As a teen, she fled her isolated Wisconsin farm town and her greatest supporter, her loving but mentally ill mother, for the famous music scenes of Minneapolis, Austin, and New York City.
In rock bands, on tours, and with Broadway auditions, Laurie had many highs and lows, successes and failures, some humorous, some dangerous. At the center of it all was a stormy relationship with her mother and Laurie’s growing anxiety disorder that plagued her most. The despair she thought would be extinguished with marriage and parenting, and for a time, it was, but it shattered with the profound loss of her father and baby.
With mounting pressure to succeed at the X-Factor audition, Laurie must push through her anxieties and heartbreaking reflections and not only find herself in the music, but a way to move forward and heal.
© Laurie Markvart. Cover art image by Jesslyn Bundy.
12:19am January 1, 2020.
Champagne flowing, celebration happening. New Years 2020!!!
My eyes were closed to the past and my heart open to the future but I knew deep in my gut that something was wrong. And I’m not talking impending pandemic.
The perfect night could not quiet my anxiety over the pending biopsy test results that came the next day. Breast cancer.
I’ve been fighting this since January 2020 but why so long? I had a successful surgery in Feb 2020. And then the pandemic hit. I chose not to do the recommended treatment (chemo) because of Covid. Thousands did the same thing. They put off testing, procedures, surgeries. And look where we still are: Covid. 🙄
BUT honestly – I was in denial. I felt surgery was enough coupled with a naturopathic approach to healing. And it worked for a while but the cancer dragon showed she wasn’t ready to give up. So I won’t either.
October is breast cancer awareness month. This topic has become what some insiders in the community call “pink fatigue” or more serious: “pinkwashing.” Which means: the act of supporting the breast cancer cause or promoting a pink ribbon product while producing manufacturing or selling products linked to the disease.
Okay, not all companies and organizations exploit breast cancer and not everyone is pink fatigued. But behind every ribbon IS a woman. 1 in 8 women will get diagnosed!
So, wearing a pink ribbon or pink clothes in support of a loved one is honorable but what is more important: if you have put off your screening because of Covid or denial-GO.
Pink can only go so far. Breast cancer has a color and a ribbon and a lot of other cancers don’t. Early intervention is the best way to beat cancer.
Lastly, how apropos that my birthday would fall in October. 😂 October 19 and even though I will be one week post round three chemo on the 19th, I will celebrate because I am alive because I took action.
So, go get your screenings. Breast, butt, blood, lungs, whatever.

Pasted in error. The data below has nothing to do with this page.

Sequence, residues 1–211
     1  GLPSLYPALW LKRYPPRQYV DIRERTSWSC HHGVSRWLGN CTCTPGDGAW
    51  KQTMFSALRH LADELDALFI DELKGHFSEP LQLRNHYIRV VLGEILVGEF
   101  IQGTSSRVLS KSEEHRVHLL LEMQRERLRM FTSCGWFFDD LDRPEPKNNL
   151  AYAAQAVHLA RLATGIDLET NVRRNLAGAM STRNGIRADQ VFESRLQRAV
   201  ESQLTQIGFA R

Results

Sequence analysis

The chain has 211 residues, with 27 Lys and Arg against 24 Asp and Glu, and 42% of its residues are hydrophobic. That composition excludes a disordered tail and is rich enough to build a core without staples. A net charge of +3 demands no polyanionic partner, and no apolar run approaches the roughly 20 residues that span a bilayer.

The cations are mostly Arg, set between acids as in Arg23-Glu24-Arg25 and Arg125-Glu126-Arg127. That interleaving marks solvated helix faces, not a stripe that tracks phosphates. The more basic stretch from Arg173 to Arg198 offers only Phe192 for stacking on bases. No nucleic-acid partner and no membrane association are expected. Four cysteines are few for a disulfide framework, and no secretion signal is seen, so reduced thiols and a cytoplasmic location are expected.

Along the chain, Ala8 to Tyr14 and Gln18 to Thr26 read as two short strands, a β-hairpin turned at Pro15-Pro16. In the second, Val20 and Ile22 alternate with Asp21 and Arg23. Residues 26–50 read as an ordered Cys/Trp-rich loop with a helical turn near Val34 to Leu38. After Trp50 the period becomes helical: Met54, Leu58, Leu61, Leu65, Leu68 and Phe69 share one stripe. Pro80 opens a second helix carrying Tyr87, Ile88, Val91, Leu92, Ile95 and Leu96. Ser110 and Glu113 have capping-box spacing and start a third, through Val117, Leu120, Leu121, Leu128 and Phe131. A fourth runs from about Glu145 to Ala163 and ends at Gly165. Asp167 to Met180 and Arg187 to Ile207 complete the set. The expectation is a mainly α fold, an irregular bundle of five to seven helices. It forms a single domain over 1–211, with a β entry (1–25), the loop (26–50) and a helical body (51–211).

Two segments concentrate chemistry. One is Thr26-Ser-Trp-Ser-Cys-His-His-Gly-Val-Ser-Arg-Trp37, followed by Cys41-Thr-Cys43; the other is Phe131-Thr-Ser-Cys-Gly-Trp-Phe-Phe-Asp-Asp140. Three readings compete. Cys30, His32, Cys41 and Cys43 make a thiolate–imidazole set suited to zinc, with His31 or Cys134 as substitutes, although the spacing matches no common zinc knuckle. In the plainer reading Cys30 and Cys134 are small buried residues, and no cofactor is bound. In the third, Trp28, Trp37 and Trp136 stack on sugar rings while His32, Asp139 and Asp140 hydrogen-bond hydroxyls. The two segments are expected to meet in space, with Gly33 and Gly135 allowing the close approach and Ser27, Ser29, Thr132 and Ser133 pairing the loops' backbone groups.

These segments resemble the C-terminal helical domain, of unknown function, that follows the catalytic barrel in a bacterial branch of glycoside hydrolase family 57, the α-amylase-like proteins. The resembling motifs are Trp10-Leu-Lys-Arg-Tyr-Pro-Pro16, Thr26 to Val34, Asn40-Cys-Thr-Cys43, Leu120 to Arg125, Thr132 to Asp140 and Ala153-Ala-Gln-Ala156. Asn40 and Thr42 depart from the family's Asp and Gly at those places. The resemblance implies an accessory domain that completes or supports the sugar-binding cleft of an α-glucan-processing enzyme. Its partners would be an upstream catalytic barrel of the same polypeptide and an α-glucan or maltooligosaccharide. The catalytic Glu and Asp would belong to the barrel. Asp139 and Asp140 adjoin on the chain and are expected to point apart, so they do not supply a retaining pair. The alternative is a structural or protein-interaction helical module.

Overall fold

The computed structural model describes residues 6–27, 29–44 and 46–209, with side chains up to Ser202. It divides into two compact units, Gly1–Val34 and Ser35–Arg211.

Yes, it can provoke anxiety and be scary but DM me if you want! I’ll talk you through! I’d consider it the best birthday gift I ever got!
#breastcancer #breastcancerawareness #cancer #cancersucks #fuckcancer #getscanned #pinkwashing #pinkfatigue
Editor note: foul language in used sporadically and necessarily.
IT’S BEEN A YEAR since I blogged, and not because I didn’t have anything to write. Basically, I couldn’t pull the words from my mucky brain and put my fingers to the keyboard.
Like so many people this last year, I lost my ability to do things that used to be pleasurable, like writing. It wasn’t for the pandemic lockdown; it was my mental lockdown. Many of us suffered from the unknown and the loss of normalcy. I, for one, was carrying so much anxiety and stress my brain kept pausing, and it was hard to restart. Like my 2015 MacBook Pro. Anyway, to do daily functions was one thing, but writing and being creative was another. The most significant pressure I felt was to act okay even when things were not okay.
See, I was brought up with token comments in which a lot of us were given by our parents. It was their way to encourage us as well as to remind us not to complain. The latter being the main one, I’m sure. My mom grew up during the depression, and my dad was a two-time war veteran (WWII & Korea), so there was no room for complaining in their eyes. Here are some of their good one-liners in which I’m sure you’ve maybe heard from your parents or society, too. Here we go: Oh, you’ll be just fine. Hey, it isn’t as bad as it seems. You don’t have it so bad. The best one: Other people have it far worse. And you know what? Some people DID and DO have it far worse, but I’m not living in their shoes. I have deep sympathy or empathy for them depending on their situation, but at the expense of acknowledging my pain? Sorry Mom and Dad, but this past year sucked, and I’m tired of acting like it didn’t. Things were as bad as they seem.
I got a trifecta punch last year:
- January 2020, a stage 2 breast cancer diagnosis.
- March 2020, COVID shut down the world.
- April 2020, I lost my job due to COVID layoffs.
I am always one to find silver linings in things. I even blogged about it around this time last year, but what I’ve discovered is, it’s easy to find the silver lining at the beginning of a marathon (2020), not so much by the 24th mile (now). By this point, I’m like, okay, some people have it far worse, but I’m tired of putting on my marathon face that I’m okay. Some days, A LOT OF DAYS, I’m just not. How about you?